Federal data show that employee engagement lags far behind agency goals.
In late April, government workers once again provided valuable insights into how they feel about their jobs, supervisors and senior leadership through the annual Federal Employee Viewpoint Survey. The Office of Personnel Management will provide results on a rolling basis starting in August.
OPM considers the survey a critical tool in assessing engagement in the workforce through the “consistent, reliable and actionable information it provides the federal government, each agency, and lower level offices within each organization,” according to Beth Cobert, OPM’s acting director, in a March memo announcing the survey.
Given the survey’s mixed results, OPM’s commitment is admirable. Last year, overall employee engagement rose a mere 1 percentage point, to 64 percent. Any increase in this year’s engagement score will need to triple that pace to reach the stated goal of 67 percent. That would be a tall order, especially when an agency like the Department of Homeland Security has seen engagement decline from 60 percent in 2011 to 53 percent last year.
To arrive at more definitive conclusions about this year’s findings, OPM significantly reduced the number of questions with an emphasis on “stronger, relevant and unambiguous questions.” Questions included: “How satisfied are you with your involvement in decisions that affect your work?” “How satisfied are you with the information you receive from management on what's going on in your organization?” “How satisfied are you with the recognition you receive for doing a good job?”
Survey participants also weighed in on whether their units have the appropriate skills to accomplish goals; whether the workload is reasonable; and whether there are adequate opportunities for career growth and professional development.
While there were fewer questions, they covered much ground that speaks to the essentials of job satisfaction. In a recent article, for example, Deloitte principal and founder Josh Bersin presented the five drivers of what he calls “the simply irresistible organization.” Here they are, along with my take on how they translate to the federal workplace:
Meaningful work. To an individual, the government can look intimidatingly large, leading to doubts about one’s ability to make a difference. That’s why managers must break down units into smaller teams, and empower those teams to autonomously pursue agency objectives in an impactful and measurable way. Managers should also effectively communicate to each individual about how day-to-day tasks directly contribute to the ultimate mission.
Hands-on management. This is not the same as micromanagement. Micromanagers, after all, never welcome the autonomy required to ensure ideal engagement. The hands-on manager combines clear goals with the right level of coaching (close enough to give useful direction, yet distant enough to avoid accusations of looking over the shoulders of employees).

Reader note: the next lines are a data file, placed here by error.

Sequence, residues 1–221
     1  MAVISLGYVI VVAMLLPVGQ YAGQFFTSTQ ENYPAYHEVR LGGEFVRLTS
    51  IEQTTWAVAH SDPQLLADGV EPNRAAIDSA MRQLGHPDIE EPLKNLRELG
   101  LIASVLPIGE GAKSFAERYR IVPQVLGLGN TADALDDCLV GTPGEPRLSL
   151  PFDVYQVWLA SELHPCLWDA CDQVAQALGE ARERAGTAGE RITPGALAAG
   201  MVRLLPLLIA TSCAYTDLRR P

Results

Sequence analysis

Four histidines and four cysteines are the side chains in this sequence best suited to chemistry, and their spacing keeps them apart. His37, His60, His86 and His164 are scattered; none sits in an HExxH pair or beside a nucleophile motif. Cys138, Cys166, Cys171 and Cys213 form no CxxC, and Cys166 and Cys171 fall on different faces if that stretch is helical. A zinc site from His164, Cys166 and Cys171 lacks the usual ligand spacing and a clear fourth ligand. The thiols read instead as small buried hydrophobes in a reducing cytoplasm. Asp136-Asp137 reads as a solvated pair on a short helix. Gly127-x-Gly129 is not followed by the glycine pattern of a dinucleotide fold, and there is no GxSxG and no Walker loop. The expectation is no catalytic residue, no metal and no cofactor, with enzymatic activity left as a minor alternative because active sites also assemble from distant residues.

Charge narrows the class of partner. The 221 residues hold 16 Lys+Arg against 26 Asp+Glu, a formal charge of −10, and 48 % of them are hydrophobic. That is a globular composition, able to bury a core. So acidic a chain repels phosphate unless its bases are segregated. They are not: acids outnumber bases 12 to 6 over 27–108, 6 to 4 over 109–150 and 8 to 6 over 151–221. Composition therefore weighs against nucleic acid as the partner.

Positive work. Good bosses don’t wait until the annual review to acknowledge the accomplishments of their teams. Instead, agencies should cultivate a culture of recognition, praising daily efforts and longer-term initiatives with regular awards/rewards and informal, impromptu praise. Never underestimate the power of the handwritten note.
Growth opportunity. Professionals these days, including highly sought Millennials, don’t want to get “stuck in neutral.” Virtually everyone yearns for the chance to ascend to a loftier standing with respect to impact, influence and visibility. With the constant promotion and availability of training and development programs, workers will see that their agency has a stake in their future. These should address both the hard skills specific to given positions, as well as the soft skills of communication and leadership development.
Trust in leadership. Great leadership is often defined by intangible qualities. But there are common characteristics, including leading by example in serving the agency’s mission; implementing methods and acquiring resources to make it easier for staffers to do their jobs; conveying genuine transparency about organizational direction and challenges; and inspiring people to do their best every day. Every component here proves essential. And, when an agency establishes them as a standard of best practice among managers, the payoff is greater than the sum of their parts.
The five drivers are all about the human element. But there is a technical side as well, particularly when we deploy talent management analytics to maximize the actionable value of data. Through analytics, you can determine which units have the most and least engaged teams. You can assess the “just right” amount of manager-worker interaction to come up with a winning balance. You can identify how often supervisors provide feedback to their direct reports, and whether the guidance results in improved performance. You can find out if employees like what they do.
The upshot: The FEVS is a terrific tool. But it’s just a start. By adopting policies that embrace people and tech-enabled practices, managers will see soaring engagement scores and thus boost productivity, quality of work and retention. When this happens, everybody wins: agencies, employees and taxpayers.
Liam Ackland is the U.S. president of Acendre, a talent management company.